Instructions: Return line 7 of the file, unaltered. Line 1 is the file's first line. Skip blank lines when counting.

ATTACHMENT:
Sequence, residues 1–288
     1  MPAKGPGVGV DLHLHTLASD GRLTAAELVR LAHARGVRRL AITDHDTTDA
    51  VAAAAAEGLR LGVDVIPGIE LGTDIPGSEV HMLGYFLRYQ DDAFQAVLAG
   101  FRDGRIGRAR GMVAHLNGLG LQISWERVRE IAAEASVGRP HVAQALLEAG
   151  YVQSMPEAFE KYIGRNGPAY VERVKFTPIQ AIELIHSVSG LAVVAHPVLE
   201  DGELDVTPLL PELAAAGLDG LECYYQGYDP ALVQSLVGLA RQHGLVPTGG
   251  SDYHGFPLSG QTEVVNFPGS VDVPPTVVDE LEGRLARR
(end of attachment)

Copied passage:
   251  SDYHGFPLSG QTEVVNFPGS VDVPPTVVDE LEGRLARR